Case Report
    Theresa Rohr-Kirchgraber*, Kelsey Black and Christina Pedro
    Abstract: Women and girls are experiencing concussions at a significantly higher rate and severity than boys and men. So why are concussions so narrowly synonymous with football? Evidence suggests females experience more severe concussions subjectively and objectively than males in the same sport. Despite this evidence, concussed females are still being overlooked and undertreated.
    A 59-year-old female with previous traumatic brain injuries had a helmeted fall from her horse complicated by loss of consciousness, intraventricular hemorrhage, closed orbital fracture, and pneumothorax. Upon hospital discharge she was released to resume all activities in 1 week.
    On her one-week outpatient follow-up, her concussive symptoms remained with double vision, instability, severe headaches with reading, inability to concentrate and short-term memory loss.
    The approach to management of a concussive patient such as a 17-year-old football player with a similar presentation would most likely be completely different. A conversation would have been had with the patient about brain rest: not returning to work, not watching thought-provoking television shows, staying away from reading and her cell phone. This patient was an older female who sustained a head injury in a non-traditional way. Perhaps that is why she was not advised. Females may be at greater risk for concussion than males and higher concussion rates are trending among women. A concussion should be considered in all who have sustained a head injury, regardless of the gender or how the injury occurred and appropriate management is needed.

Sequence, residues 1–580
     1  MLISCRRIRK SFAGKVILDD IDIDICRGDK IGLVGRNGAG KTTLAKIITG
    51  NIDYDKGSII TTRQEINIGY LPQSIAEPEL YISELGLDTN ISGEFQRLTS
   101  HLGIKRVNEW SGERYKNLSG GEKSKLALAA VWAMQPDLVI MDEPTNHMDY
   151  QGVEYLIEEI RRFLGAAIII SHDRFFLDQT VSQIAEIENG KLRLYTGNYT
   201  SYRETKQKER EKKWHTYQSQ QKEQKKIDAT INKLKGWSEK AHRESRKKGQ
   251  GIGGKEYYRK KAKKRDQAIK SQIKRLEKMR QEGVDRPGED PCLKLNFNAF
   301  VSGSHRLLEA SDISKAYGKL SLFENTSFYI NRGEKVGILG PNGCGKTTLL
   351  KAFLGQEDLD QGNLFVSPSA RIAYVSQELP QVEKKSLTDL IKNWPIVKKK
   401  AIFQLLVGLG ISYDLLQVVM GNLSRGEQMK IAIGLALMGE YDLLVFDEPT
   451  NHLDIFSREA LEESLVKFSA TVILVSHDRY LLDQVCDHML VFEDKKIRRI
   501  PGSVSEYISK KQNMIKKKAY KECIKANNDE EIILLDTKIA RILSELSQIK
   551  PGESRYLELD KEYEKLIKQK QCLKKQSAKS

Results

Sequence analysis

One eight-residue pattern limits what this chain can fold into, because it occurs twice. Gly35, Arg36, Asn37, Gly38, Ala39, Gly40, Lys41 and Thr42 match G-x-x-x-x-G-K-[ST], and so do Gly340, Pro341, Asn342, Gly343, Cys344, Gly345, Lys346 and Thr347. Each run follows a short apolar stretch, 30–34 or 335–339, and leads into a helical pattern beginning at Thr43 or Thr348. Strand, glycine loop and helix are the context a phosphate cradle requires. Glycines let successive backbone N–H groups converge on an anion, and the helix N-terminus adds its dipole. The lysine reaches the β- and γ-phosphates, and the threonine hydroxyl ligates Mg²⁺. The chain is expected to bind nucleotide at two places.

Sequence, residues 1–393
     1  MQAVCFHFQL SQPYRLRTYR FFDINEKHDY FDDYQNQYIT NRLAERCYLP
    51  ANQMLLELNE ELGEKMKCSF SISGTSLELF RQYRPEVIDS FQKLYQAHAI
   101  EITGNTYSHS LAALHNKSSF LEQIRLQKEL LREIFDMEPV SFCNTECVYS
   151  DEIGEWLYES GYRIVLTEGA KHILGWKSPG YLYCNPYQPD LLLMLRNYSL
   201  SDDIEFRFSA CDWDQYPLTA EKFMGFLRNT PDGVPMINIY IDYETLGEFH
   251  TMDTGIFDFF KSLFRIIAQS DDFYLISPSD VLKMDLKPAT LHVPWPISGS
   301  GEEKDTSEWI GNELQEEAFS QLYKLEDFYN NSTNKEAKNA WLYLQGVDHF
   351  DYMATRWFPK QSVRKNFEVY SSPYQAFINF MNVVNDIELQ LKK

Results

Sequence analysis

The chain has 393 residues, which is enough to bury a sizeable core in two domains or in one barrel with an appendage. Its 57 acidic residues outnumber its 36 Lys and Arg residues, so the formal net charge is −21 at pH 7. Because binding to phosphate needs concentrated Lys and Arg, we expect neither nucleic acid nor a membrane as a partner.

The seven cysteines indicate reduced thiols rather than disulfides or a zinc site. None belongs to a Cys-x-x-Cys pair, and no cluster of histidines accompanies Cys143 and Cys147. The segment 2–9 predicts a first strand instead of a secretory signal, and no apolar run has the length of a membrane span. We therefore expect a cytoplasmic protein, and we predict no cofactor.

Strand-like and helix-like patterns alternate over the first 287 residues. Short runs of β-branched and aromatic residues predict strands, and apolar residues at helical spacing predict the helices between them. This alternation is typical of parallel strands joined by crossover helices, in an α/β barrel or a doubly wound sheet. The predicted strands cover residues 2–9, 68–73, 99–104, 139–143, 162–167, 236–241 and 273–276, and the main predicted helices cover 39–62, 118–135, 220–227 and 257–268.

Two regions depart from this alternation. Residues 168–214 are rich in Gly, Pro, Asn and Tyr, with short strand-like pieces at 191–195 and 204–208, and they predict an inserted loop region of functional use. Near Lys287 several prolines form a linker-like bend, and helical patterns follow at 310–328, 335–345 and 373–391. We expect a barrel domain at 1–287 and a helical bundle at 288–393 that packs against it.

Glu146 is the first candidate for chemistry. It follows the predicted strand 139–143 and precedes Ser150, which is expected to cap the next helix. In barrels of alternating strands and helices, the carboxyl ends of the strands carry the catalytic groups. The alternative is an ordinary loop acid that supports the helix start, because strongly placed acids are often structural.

Flavia Del Grosso* and Pietro Nannelli
    Abstract: Craneo-occlusal balance can improve sport performance. Does this also apply to swimming?
    Two competitive swimmers wore occlusal splints (Serranus: individual oral appliance) during training and competitions, in an attempt to improve their performance.
    The athletes wore the appliance during one season (2013-2014), and we observed their swimming technique, run tests, took videos and photos.
    Tests carried out showed an improvement in propulsive efficiency and a decrease of lactic acid parameters. Coaches observed an improvement in the swimmers’ performance, both during training and during races.
    Research Article
    Anna E. Stanhewicz*, Lacy M. Alexander and W. Larry Kenney
    Abstract: We performed a pilot study to test the hypothesis that chronic oral ingestion of sapropterin augments reflex cutaneous vasodilation in aged men and women. Healthy older [74±4 years; n=4] men and women ingested 400mg sapropterin or placebo twice daily for four weeks in a randomized, double-bind crossover design. Following each treatment, subjects returned to the lab for testing. One intradermal microdialysis fiber was placed in the forearm skin for local delivery of lactated Ringers solution. Red cell flux was measured at each site by laser-Doppler flow metry (LDF) as reflex vasodilation was induced using a water-perfused suit. At 1°C rise in oral temperature, mean body temperature was clamped and 20mM L-NAME was perfused through the microdialysis fiber to quantify nitric oxide-dependent vasodilation. Cutaneous vascular conductance was calculated (CVC=LDF/MAP) and expressed as a percentage of maximum [% CVCmax; 28mM sodium nitroprusside and local heat, 43°C]. Sapropterin increased reflex vasodilation (sapropterin: 57±4 vs. placebo: 46±4 %CVCmax; p<0.001). NO-dependent vasodilation was greater following sapropterin treatment, however the difference was not statistically significant (sapropterin: 26±8 vs. placebo: 10±5%; p = 0.07). These data suggest that chronic sapropterin augments reflex vasodilation in aged human skin and may be a viable intervention to increase skin blood flow during hyperthermia in older adults.